Creating an environment for social business
My last post spoke about the importance of behaviours when you’re creating a social business. It is these that essentially form your culture, which in turn determines whether you really are social or not. If you want your organisation to be collaborative for instance, then collaboration is a behaviour you need your employees to adopt. To do so (or not) is a definite choice that they make each day.
In order to create those critical behaviours, you need to provide employees with a work environment that encourages them. It isn’t enough to have the leaders in your business trumpeting the virtues of social business, because 99% of the time, your leaders aren’t going to be present when the choice over which behaviour to adopt is taken in any given circumstance.
The key therefore is the work environment. How can you go about creating a work environment that fosters the right behaviours? You need an environment that gives people the right cues on a daily basis. There are a number of levers you can employ to help you. Here are a few of the more effective ones.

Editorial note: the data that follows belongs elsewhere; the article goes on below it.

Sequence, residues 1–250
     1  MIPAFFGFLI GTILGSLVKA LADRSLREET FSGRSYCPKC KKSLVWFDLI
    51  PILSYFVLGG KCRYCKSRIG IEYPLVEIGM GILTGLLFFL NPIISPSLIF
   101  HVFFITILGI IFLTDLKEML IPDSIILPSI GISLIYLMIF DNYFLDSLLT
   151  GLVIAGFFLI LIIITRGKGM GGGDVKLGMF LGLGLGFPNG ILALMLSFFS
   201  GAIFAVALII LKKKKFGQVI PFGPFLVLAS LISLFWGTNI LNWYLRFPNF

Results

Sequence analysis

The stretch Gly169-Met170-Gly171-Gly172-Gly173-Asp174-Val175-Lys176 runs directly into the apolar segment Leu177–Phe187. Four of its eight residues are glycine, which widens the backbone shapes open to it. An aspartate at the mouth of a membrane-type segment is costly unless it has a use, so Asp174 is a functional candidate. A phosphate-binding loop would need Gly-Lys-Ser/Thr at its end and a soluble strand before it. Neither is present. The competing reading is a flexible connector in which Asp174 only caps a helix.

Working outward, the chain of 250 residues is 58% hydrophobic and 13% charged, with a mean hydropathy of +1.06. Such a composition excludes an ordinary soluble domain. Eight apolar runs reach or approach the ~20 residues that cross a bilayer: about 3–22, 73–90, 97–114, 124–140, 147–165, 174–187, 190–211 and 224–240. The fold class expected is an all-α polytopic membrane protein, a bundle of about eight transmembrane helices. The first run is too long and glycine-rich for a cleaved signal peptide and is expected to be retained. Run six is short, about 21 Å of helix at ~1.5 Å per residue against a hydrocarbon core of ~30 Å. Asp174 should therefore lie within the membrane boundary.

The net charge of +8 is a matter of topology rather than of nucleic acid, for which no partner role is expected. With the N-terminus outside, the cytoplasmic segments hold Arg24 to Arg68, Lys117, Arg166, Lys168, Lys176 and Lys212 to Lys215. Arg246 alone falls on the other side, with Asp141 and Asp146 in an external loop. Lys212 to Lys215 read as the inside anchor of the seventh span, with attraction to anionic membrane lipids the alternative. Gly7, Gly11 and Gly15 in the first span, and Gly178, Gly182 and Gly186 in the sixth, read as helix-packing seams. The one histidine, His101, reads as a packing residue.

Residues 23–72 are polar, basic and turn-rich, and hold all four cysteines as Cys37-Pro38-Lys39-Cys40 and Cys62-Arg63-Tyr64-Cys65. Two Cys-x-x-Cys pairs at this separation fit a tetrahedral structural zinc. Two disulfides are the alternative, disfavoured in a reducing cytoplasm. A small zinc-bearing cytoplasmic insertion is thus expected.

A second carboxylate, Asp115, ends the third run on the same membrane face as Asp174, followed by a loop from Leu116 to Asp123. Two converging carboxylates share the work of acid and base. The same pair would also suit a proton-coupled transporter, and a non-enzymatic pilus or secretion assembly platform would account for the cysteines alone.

These are things like your org chart. Now I know you might be thinking that these are abstract artifacts from a bygone age, but how we are organised has a big impact on how we behave. How many offices for instance locate employees according to department, whilst at the same time expecting cross-departmental collaboration? Even if that demarcation is only virtual, in/out group psychology will still ensure people feel they belong more to ‘their’ team than the others.
This is a whole topic on its own, and a huge amount of research has gone into building workspaces that encourage the kind of behaviours at the core of social business. Whether it’s the shape of the desks or the location of the coffee machine, it will have an impact on how your employees behave.
Getting the rewards right
As with workplace design, this is another area that has received a whole lot of attention over the past decade or so. How are people motivated, and what are you offering them in order to secure the kind of behaviours you want? What kind of behaviours are rewarded in your organisation? Are you hoping for collaboration but rewarding individual performance for instance?
Closely linked to rewards is measurement. Most organisations now have key performance indicators against which performance is measured. Are these metrics the kind that will support the behaviours you wish to see in your organisation?
These are some of the key levers at your disposal when looking to create the kind of behaviours, and as such the kind of organisation you want.Original post